I will pull out the others from the box tomorrow and take a photo of them, too. It just occurred to me that you might be interested in something other than the peas! I wish you could see all the seeds I have collected. It’s shameful, really. My excuse is that I used to manage a community garden and got into the habit of buying large quantities of seeds because everyone was always asking me if I had any seeds to share, even for their own private garden beds. For years I was also responsible for buying the seeds for shared beds. And one year, my son worked at a heritage seed farm and donated to us everything that the farm was going to discard as “imperfect seed stock.” I gave away lots and lots of seed, but still have much more seed stock than any one person should ever have. A lot of it is old, but even old seeds will sprout to some degree, for most types of plants (not all).

      I admit, I am a seedaholic.


  2. Love your self-contained sweet potato plant. The leaves are so ornamental. I’ve got a ginger plant in the same windowsill, soil-free situation. Great to see your worms working so industriously! Are they in your compost heap or a wormery?

    Liked by 1 person

  3. Not sure if I can post a photo in this reply, or I would post a picture of the compost bin where these worms reside. It’s an insulated, off-ground, tumbler bin with two compartments made by Jora. In fact I will put in a link to the company here, and give them a plug because I so much like this compost bin, and have a nice story to tell about their service as well.

    I have had this compost bin for about ten years now I think; it was a gift to me from neighbors who were leaving town and could not take it with them. A wonderful, so-generous gift! They brought it to my house, installed it for me, and I later learned it was already full of mature, ready-to-use compost!

    It is under my enormous 150-year-old oak tree and thus does not receive any direct sun, which I think might have helped create the conditions under which the worms have in the past couple of years begun to thrive. In a sunnier site I think the temperatures inside would probably rise too high for worms to live, even within insulated chambers. I did not put the worms inside, but I think their ancestors probably came in on some oak leaves I added to the compost mix. Now that they are there and multiplying by the hundreds (thousands?) I do cater to them. Literally. I bring shredded paper from the office and try not to add much citrus to the composter since worms are said not to like it. I don’t ever let either side of the composter get completely devoid of fresh food for the worms to eat; thus I no longer harvest finished compost but instead I always have plenty of wormy semi-finished compost to add to the planting holes, and I really believe that is as good if not better for the garden soil and the plants.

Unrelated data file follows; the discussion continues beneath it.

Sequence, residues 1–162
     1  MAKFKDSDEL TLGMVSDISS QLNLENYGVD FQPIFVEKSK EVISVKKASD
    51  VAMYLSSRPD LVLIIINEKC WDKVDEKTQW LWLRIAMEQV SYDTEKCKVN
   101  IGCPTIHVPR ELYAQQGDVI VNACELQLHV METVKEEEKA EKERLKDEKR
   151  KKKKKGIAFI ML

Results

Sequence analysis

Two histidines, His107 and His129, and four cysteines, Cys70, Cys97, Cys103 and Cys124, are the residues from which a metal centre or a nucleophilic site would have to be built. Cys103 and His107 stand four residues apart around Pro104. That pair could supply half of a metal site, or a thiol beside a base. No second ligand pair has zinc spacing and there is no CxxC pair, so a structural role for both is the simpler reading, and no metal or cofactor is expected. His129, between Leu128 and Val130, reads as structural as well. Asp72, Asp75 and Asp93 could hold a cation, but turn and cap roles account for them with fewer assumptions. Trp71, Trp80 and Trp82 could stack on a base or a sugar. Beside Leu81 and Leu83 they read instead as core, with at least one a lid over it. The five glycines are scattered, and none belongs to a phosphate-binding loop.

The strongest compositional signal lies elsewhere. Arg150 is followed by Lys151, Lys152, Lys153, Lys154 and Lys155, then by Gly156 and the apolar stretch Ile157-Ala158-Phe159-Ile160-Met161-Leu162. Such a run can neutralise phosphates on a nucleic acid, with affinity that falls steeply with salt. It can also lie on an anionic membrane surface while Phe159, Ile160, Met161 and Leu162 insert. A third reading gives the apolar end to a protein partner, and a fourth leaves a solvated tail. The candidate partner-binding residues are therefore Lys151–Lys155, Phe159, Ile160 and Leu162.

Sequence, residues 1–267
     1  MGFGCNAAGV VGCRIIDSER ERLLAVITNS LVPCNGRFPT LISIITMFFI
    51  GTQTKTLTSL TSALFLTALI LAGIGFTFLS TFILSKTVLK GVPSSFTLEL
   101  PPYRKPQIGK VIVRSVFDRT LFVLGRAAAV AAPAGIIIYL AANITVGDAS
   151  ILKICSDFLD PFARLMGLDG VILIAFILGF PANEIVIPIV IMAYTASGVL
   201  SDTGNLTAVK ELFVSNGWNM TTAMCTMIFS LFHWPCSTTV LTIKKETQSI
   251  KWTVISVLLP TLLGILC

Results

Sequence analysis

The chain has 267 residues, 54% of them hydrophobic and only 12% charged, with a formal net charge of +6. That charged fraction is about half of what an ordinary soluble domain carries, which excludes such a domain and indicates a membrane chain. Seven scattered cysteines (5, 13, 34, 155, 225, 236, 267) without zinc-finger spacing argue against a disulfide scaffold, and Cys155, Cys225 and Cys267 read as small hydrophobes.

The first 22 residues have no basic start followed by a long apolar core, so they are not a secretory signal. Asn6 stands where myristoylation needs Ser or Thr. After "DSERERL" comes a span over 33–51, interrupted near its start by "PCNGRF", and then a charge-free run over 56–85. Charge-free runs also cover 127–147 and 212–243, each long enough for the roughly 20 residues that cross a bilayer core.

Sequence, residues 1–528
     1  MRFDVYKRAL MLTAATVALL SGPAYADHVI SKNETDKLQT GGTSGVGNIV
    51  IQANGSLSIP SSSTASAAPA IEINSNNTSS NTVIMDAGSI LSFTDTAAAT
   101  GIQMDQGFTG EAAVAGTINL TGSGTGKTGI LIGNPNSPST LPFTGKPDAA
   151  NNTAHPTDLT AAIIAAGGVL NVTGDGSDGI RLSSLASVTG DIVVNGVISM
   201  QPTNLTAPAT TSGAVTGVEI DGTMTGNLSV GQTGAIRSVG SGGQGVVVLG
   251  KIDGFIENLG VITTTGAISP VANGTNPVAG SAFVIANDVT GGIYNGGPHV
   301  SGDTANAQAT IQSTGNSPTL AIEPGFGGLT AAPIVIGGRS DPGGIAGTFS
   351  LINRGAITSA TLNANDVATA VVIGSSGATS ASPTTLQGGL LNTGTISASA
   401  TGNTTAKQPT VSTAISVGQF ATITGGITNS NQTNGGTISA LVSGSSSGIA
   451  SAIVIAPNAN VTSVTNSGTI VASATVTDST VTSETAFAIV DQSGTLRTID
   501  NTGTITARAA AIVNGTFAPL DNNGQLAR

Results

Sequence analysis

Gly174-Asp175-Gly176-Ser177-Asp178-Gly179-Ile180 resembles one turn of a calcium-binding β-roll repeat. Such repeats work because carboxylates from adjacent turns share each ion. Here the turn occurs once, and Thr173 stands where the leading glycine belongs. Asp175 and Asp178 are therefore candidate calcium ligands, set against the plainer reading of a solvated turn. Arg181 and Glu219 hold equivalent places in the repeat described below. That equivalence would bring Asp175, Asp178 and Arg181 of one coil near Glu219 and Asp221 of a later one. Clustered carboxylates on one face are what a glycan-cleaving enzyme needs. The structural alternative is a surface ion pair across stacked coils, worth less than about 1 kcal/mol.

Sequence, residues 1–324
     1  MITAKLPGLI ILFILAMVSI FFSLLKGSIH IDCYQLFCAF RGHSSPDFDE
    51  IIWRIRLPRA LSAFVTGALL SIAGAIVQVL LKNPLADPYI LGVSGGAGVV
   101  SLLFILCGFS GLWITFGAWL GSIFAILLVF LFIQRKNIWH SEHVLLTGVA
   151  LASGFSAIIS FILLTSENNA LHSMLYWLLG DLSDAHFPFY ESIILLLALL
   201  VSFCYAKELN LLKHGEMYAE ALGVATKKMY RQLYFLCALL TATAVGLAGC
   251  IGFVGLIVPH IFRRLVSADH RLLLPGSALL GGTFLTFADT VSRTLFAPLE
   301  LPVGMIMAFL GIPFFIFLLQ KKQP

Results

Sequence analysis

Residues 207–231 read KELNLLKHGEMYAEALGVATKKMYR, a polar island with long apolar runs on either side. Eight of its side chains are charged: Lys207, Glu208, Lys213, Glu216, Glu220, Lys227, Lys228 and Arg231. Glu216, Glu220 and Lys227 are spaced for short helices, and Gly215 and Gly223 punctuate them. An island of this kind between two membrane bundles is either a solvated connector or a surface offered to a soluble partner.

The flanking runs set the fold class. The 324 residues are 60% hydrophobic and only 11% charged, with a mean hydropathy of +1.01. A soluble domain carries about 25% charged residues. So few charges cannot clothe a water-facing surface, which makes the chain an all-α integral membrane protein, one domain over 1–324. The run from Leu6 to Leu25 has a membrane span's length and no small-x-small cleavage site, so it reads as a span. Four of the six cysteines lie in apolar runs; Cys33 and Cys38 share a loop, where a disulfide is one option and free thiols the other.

The company story! Last fall a friend “helped me out” by taking my frozen garbage (I freeze it until I’m ready to make the trip outside, to keep down smell and mess) out to the compost bin. I didn’t think to advise him to put it in the left-hand side, where the latch freely opened. The right-hand side had been sticking a little, and needed some lubrication, but I kept forgetting. I was making do by opening it carefully. My friend of course went for the right-hand bin latch, forced it when it didn’t easily open, and broke it off. He then promised to fix it but never came back to do so.

    I’m not very mechanical, so eventually I started searching online for a replacement latch. Local hardware stores didn’t sell the latch alone. So I contacted Jora Composters itself, explaining that I had not purchased the composter, couldn’t tell them its age or model number, but would now like to find a replacement latch. They asked me to send a photo of the broken latch, which I did. Within a few days, replacement parts arrived in the mail to me, completely free of charge. I would call this VERY good customer service. And I would highly recommend this composter. It has lasted many years in my backyard and I’m sure that even the sticky latch would never have broken if it hadn’t been forced open.

    Liked by 1 person